Mar 25, 2015

Termination by Email? - Check the Contractual Provisions

Ticket2Final v Wigan Athletic AFC highlights the need for parties to a contract to comply fully with any formal notice provisions in the contract when they seek to terminate it. It also makes clear that parties should make express contractual provision if they want notices to be validly served by email.

Ticket2Final (T2F) and Wigan entered into an agreement where in return for a substantial fee, T2F would receive advertising opportunities and be able to sell ticket options for Wigan games.

Wigan confirmed in the agreement that it had power and authority to perform its contractual obligations, which included the supply of the tickets to T2F.  When the time came to supply tickets to T2F, Wigan failed to do so and T2F claimed for breach of contract and also for misrepresentation.

Wigan counter-argued that it had terminated the contract for late payments to it by T2F. The contract entitled Wigan to terminate if T2F failed to pay any sums due and the sums remained outstanding for 7 days following notice.

A formal notice clause in the contract (clause 11) required notices to be given in a prescribed manner. Clause 11 required notices to be in writing and delivered by hand or first class post to the registered office (or sent by fax).  Wigan failed to comply with the formal notice clause when it demanded payment before termination but argued that the notice clause did not apply to a notice demanding payment and also that there was an implied term arising from the parties' conduct that formal notices could be given by email.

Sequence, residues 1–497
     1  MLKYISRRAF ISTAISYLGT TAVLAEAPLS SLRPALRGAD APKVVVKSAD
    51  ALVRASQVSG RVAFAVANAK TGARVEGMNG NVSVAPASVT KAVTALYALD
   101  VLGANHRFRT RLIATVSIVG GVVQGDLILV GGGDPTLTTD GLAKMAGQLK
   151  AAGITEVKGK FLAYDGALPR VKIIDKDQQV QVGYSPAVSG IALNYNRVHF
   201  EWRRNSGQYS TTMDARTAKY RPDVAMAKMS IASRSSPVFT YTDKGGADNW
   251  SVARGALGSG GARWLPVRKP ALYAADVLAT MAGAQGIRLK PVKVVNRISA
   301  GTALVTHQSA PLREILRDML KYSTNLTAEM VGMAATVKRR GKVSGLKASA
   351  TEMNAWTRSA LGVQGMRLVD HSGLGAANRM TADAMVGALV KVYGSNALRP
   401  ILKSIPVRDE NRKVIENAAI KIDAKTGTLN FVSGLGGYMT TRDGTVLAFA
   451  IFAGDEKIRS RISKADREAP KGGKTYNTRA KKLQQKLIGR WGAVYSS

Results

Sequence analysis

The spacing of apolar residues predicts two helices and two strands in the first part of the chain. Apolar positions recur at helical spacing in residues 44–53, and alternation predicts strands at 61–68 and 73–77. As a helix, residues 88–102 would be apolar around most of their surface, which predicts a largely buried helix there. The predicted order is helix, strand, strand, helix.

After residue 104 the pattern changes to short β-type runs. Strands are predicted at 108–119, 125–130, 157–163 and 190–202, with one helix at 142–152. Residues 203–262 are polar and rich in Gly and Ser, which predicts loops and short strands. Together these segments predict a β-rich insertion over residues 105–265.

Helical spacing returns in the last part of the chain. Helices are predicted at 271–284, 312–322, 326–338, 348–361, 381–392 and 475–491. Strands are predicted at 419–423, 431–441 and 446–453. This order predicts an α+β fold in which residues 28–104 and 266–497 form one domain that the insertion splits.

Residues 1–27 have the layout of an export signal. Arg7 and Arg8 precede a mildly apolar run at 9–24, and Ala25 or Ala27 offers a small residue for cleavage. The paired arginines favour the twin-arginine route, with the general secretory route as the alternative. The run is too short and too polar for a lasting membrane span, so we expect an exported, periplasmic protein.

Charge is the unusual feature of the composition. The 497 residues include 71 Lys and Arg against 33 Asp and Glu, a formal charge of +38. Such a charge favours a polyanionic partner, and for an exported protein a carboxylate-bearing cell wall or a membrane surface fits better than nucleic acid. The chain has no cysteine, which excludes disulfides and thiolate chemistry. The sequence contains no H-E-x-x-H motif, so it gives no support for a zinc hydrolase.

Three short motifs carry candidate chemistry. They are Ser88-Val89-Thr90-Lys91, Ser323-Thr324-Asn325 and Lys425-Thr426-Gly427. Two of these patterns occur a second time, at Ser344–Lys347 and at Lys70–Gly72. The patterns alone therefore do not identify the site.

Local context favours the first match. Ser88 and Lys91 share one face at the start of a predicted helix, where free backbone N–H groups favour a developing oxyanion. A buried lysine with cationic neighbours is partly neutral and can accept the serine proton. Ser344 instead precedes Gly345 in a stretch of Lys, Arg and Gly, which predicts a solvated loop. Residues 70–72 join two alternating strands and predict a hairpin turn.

The Judge disagreed and pointed out that one of the purposes of Clause 11 was to require notices, particularly ones which if not complied with might result in the contract being terminated, to be served in a specific way. In those circumstances, the party receiving the notice is in no doubt as to its importance.

This case highlights the necessity of complying fully with notice provisions when attempting to terminate a contract.  It also makes clear that parties should make express contractual provision if they wish notices to be validly served by email.  Just because email has taken over from fax as the usual method of communicating does not mean that parties can assume formal notices can be served that way.

in: Case Law, Companies, Contract, News

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